2) The second question you might be asked is a tricky one, but it’s becoming common and is a very important topic right now. That question is: Do you have any strategies for managing millennials? Here is a great answer to that question: “As somebody who might even be considered a millennial, I believe that people are people. While it is common to think that millennials are difficult to manage. The reality is that all people and personalities, at the core, are the same. I believe in creating a community that people want to be a part of. Nobody, especially millennials, wants to be told what to do. However, everybody wants to be a part of a winning team. It is important that we create an environment where your team wins together, has fun together and works hard together. I want to show your employees where they fit in on the bigger team and how important their role on that team is, then I want to show them how much more can be accomplished if everybody works together.”
The most important thing about “managing” millennials is that they fit in. They want to be a part of something bigger than themselves. If they can’t see how their role is important and how their involvement is good for the betterment of the team, they’re not going to thrive in that environment. What I gave you above is a great pre-written answer for you to put into your own words.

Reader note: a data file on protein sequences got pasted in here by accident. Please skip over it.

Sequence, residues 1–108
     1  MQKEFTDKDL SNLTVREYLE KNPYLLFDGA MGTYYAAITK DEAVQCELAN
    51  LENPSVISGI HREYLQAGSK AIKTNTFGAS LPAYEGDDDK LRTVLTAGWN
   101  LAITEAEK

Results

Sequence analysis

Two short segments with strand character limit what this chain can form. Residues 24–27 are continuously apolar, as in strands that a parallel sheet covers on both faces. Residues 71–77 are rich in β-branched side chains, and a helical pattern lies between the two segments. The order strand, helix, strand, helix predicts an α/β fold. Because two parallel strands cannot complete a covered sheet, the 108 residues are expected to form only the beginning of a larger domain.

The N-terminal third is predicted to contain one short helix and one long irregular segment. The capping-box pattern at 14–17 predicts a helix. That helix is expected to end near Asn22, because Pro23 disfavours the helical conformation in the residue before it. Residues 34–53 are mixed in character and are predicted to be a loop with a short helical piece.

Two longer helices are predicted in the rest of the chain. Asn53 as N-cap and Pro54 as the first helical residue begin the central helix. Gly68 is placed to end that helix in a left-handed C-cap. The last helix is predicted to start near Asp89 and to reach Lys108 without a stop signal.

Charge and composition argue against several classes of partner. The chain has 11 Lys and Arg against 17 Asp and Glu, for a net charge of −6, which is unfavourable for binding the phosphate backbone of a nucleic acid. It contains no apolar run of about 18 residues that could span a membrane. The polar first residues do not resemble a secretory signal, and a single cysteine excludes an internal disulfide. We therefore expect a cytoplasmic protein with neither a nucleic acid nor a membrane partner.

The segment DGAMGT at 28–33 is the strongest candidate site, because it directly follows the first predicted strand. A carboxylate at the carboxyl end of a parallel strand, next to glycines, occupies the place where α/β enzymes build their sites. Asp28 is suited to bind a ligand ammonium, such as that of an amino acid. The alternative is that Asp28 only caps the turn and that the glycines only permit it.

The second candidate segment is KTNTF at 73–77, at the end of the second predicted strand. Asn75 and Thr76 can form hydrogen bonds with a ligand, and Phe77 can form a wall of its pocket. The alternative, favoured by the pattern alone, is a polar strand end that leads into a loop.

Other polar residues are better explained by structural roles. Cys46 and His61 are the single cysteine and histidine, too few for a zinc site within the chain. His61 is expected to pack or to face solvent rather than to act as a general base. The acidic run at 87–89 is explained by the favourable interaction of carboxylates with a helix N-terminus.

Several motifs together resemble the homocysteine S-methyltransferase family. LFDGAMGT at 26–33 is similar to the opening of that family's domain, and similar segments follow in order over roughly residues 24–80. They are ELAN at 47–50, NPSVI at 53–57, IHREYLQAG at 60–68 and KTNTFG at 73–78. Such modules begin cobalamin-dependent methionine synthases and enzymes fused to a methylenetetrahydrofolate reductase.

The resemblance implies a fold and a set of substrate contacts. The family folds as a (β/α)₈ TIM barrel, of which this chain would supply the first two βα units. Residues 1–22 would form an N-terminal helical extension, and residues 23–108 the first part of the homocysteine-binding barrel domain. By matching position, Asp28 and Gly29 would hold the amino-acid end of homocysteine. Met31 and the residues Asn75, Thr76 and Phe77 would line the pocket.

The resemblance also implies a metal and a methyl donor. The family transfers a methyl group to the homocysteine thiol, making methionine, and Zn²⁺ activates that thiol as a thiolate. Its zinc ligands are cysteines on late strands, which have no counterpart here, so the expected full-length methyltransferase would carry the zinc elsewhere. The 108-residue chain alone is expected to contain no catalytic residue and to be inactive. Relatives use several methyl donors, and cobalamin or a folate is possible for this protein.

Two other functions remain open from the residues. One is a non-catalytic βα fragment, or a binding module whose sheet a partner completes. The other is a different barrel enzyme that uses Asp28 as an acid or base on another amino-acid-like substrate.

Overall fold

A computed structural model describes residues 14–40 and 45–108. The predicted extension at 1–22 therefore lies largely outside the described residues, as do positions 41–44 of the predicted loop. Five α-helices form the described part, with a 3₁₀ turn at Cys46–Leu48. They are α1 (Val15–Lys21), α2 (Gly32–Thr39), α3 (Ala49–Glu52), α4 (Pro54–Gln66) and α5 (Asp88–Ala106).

3) The third question is: Why are you applying for the restaurant manager position?
It’s really important to personalize this answer so I’m only giving the start of the answer then it’s up to you to follow it up on your own: “I’ve been doing research on different companies in the area and based on what I have read in online reviews and job listing sites, this is a company that I want to be a part of.”
Now I need you to improvise a bit. Come up with one or two of your goals and how they match this restaurant in particular. For example, if you’re applying for a higher-end fine dining restaurant, talk about your passions, travels, and experiences with great high-quality and cutting-edge food and how this restaurant is leading the charge on that in your community. If it’s quick service, talk about how you’re an entrepreneur at heart and you want to really develop more management skills because one day you want to be an owner or franchisee operator of a similar type concept. If it’s concept has a specific ethnicity and you’re part of that ethnicity or you have a passion for it, then talk about that and make it personal. But, again, write those out and be prepared for it.